Civil rights groups have launched a class action lawsuit against federal immigration authorities after a series of recent raids led to the detention of more than 100 Cambodian refugees who could now face deportation.
The lawsuit, launched last Friday by a number of Asian-American nonprofits, argues that the recent arrests of Cambodian-Americans across the country by U.S. Immigration and Customs Enforcement (ICE) officials has been illegal. The detentions occurred in the past month amid U.S. government tensions with Cambodia over repatriation policies.
The organizations argue that the raids, which they called the largest to ever target the Cambodian community, were abrupt and arbitrary.
“The lawsuit is attempting to stop this indiscriminate style of raids,” said Anoop Prasad, a lawyer on the case on behalf of the plaintiffs. “This style of raids put people in this constant state of fear.”
ICE declined HuffPost’s request for comment on the case.
Nonprofits Advancing Justice - Asian Law Caucus, Advancing Justice-Los Angeles, and law firm Sidley Austin LLP filed the suit on behalf of Nak Kim Chhoeun, Mony Neth and other individuals who were detained in the raids.
Many Cambodians who came to the U.S. as children have only ever known one home, but nearly 2,000 people are currently subject to deportation orders by federal immigration authorities. Because the Cambodian government has in the past refused to accept individuals slated for deportation from the U.S., many have lived for years as lawful permanent residents.
Advocates say that most of these Cambodian refugees did receive final orders of removal in the past and had been detained for their criminal records, many as teenagers. But the vast majority were released years ago on orders of supervision, required to annually check in with authorities but otherwise free to live in the U.S.. Many of those who’ve been rounded up had moved forward with their lives, staying out of crime for decades, Prasad explained.
The sudden urgency by the U.S. government to pursue detention again has confounded advocates.
According to Prasad, it’s legal for ICE to detain these individuals in certain cases when there are relevant changes in circumstances, including if ICE has acquired travel documents for them, or if the Cambodian government has indicated that they’re willing to take specific people back.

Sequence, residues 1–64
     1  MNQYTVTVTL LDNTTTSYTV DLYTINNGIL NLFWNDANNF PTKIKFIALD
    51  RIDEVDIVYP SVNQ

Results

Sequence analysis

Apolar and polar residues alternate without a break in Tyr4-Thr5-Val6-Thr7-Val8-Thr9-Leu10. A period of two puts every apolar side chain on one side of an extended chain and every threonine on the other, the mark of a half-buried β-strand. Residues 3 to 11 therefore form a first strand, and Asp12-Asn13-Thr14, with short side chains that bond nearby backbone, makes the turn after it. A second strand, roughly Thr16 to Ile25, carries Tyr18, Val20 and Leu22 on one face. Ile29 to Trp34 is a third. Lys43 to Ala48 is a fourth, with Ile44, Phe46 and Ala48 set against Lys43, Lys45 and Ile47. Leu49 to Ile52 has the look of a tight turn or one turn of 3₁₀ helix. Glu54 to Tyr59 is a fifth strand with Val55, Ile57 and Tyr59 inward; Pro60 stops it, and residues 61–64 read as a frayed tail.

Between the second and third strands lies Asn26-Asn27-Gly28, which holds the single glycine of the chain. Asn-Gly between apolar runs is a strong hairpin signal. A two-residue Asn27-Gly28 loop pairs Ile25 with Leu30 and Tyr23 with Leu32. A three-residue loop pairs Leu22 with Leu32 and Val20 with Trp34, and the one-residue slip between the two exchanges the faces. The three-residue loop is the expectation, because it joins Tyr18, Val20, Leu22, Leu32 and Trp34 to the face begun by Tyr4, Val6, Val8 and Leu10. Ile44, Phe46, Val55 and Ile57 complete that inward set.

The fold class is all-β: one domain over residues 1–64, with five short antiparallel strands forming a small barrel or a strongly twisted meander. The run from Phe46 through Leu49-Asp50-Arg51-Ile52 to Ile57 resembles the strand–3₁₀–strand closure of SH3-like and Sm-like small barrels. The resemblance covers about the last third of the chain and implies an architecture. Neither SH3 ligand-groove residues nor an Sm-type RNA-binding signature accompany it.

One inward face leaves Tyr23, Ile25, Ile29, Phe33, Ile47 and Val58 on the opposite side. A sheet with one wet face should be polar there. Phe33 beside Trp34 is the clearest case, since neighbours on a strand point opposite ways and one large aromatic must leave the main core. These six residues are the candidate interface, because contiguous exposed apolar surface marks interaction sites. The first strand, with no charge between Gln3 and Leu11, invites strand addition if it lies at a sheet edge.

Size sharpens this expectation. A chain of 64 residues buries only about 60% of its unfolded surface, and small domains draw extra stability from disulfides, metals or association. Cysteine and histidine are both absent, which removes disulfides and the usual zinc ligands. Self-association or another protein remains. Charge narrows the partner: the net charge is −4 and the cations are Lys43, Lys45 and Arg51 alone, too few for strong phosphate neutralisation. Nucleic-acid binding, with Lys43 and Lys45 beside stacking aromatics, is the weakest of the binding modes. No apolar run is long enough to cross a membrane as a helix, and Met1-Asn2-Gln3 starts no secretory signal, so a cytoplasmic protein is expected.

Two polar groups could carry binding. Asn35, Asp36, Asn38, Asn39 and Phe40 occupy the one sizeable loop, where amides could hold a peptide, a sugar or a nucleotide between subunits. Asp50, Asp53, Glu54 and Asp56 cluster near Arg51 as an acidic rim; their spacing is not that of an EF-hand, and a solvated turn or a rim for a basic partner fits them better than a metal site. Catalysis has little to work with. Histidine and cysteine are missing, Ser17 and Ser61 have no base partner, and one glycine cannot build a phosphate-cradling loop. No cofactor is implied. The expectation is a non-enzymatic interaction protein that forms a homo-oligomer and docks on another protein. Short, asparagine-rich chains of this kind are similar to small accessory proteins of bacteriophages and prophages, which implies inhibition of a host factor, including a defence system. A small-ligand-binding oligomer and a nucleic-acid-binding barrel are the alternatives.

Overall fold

But Prasad said those conditions have not been met with the raids. In fact, most individuals have been routinely checking in with ICE for some time but were unexpectedly detained at recent check-ins, Prasad said.
He told HuffPost that he believes ICE is using these legal, documented refugee immigrants as pawns during a time of strained U.S. relations with Cambodia, and that raids are probably a response to the Cambodian government’s pushback on the U.S. deportation of refugees who have few or no ties to their home country.
Even though Cambodia has demonstrated cooperation with repatriation efforts, the Trump administration continued with the large-scale roundups, likely to put pressure on the country in hopes it will take in more people in the coming year, Quyen Dinh, executive director of nonprofit Southeast Asia Resource Action Center, or SEARAC, previously told HuffPost.
Prior to the roundups, the Trump administration had already in September imposed visa sanctions on Cambodia, preventing high-ranking officials and their families from traveling to the U.S.
The raids have created a stressful environment for the families of those who have been picked up, and the situation has stirred up many emotions in the community.
“Especially for older generations ― the parents of a lot of people being picked up ― they’re feeling this trauma of being separated from their families again,” Prasad said. “Almost all of them lost relatives in the genocide. Almost all of them were separated from family members when they were fleeing and were never able to find their family members again. I think the experience of now losing another generation to deportation is definitely traumatizing to the Cambodian community.”
The groups who filed the lawsuit are currently awaiting ICE’s response to the litigation. But for now, they’re calling on people to sign a petition in opposition to the ICE raids.